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Astronaut Photography of Earth - Display Record
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IdentificationMission: ISS038 Roll: E Frame: 35416 Mission ID on the Film or image: ISS038
Country or Geographic Name: USA-UTAH
Features: GREEN RIVER, BOWKNOT BEND, CONTRAIL
Center Point: Latitude: 38.6 Longitude: -110.0 (Negative numbers indicate south for latitude and west for longitude)
Stereo: (Yes indicates there is an adjacent picture of the same area)
ONC Map ID: JNC Map ID:
CameraCamera Tilt: 14
Camera Focal Length: 1000mm
Camera: N4: Nikon D3X
Film: 6048E : 6048 x 4032 pixel CMOS sensor, 35.9mm x 24.0mm, total pixels: 25.72 million, Nikon FX format.
Percentage of Cloud Cover: 10 (0-10)
GMT Date: 20140122 (YYYYMMDD) GMT Time: 151740 (HHMMSS)
Nadir Point Latitude: 38.6, Longitude: -109.1 (Negative numbers indicate south for latitude and west for longitude)
Nadir to Photo Center Direction: West
Sun Azimuth: 122 (Clockwise angle in degrees from north to the sun measured at the nadir point)
Spacecraft Altitude: 222 nautical miles (411 km)
Sun Elevation Angle: 8 (Angle in degrees between the horizon and the sun, measured at the nadir point)
CaptionsThis sector of the Green River canyon in eastern Utah is known as Bowknot Bend because of the way the river doubles back on itself. The loop carries river rafters 14.5 kilometers (9 miles) before bringing them back to nearly the same point they started fromóthough on the other side of a low, narrow saddle (image center).
In this photograph taken by an astronaut on the International Space Station, the Green River appears dark because it lies in deep shadow, 300 meters (1,000 feet) below the surrounding landscape. The yellow-tinged cliffs that face the rising sun give a sense of the steep canyon walls. The straight white line across the scene is the contrail from a jet liner that passed over Bowknot Bend. Note that north is to the bottom of the image.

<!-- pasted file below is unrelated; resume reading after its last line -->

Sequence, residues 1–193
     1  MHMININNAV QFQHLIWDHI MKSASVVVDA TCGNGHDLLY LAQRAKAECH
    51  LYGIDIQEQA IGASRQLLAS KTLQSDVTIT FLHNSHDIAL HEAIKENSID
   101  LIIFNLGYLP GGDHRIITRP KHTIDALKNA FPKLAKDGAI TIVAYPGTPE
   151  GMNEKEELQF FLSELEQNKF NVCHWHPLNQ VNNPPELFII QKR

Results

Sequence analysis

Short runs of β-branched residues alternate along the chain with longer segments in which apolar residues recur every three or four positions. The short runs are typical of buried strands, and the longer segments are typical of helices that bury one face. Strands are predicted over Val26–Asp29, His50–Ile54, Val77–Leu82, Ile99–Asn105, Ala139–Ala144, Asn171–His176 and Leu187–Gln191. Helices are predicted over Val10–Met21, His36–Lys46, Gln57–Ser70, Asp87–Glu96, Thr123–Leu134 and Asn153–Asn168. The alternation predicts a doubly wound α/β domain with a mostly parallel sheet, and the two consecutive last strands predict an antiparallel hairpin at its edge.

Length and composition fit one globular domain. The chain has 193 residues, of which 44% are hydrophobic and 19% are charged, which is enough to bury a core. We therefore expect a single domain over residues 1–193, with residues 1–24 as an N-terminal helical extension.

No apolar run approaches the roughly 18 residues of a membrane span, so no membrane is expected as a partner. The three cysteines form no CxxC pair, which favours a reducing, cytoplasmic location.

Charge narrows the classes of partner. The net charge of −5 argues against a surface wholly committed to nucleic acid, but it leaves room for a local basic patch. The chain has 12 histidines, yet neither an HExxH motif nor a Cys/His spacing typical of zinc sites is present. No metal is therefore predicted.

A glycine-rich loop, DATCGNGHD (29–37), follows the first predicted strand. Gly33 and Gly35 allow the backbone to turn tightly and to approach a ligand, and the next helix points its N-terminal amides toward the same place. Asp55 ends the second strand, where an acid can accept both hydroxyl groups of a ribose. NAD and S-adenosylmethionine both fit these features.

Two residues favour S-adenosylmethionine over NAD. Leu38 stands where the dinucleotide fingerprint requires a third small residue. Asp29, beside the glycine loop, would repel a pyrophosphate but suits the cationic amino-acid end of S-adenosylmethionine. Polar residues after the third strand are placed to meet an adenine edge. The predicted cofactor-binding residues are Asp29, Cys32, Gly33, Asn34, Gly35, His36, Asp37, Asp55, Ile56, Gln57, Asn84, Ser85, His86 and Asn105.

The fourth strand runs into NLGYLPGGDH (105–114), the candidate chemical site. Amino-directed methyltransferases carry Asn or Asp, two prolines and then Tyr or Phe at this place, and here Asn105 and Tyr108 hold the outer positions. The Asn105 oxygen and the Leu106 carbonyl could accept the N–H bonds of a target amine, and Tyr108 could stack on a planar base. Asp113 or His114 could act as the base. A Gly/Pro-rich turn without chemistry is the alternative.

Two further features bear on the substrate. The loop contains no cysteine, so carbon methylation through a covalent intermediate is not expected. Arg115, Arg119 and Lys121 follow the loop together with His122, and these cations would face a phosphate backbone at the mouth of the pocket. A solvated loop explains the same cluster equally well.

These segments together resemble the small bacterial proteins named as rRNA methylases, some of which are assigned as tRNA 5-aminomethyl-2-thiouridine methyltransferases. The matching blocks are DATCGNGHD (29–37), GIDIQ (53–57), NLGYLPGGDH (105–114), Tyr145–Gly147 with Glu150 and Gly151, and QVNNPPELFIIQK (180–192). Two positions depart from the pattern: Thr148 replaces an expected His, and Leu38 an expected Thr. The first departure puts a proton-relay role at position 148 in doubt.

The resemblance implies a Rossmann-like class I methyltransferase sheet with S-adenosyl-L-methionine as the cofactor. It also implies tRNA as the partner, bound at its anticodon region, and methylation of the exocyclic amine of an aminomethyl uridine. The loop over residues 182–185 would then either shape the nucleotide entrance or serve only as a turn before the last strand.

The reason for the tight bends in the Green River is the same as it is for the Mississippi: river courses often wind over time when they flow across a bed of relatively soft sediment in a floodplain. Geologists assume that the Green River, before its present canyon phase, once snaked across a wide valley on a bed of its own sediment and made a series of striking meander bends. Vertical uplift of the entire landscapeóby deep-seated tectonic forces related to the growth of the Rocky Mountainsócaused the Green River to erode downwards into the hard rocks under the valley. In the process, the present vertical-sided canyon was formed, preserving the tight loops reminiscent of an earlier time.
Bowknot was named by geologist John Wesley Powell in 1869 during one of his famous explorations of the rivers in the American West. The Green River flows south (toward the top of this image) and joins the Colorado River downstream. The combined flow of these rivers was responsible for cutting the Grand Canyon, some 325 kilometers (200 miles) away from Bowknot.
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Recommended Citation: Earth Science and Remote Sensing Unit, NASA-Johnson Space Center. "The Gateway to Astronaut Photography of Earth." .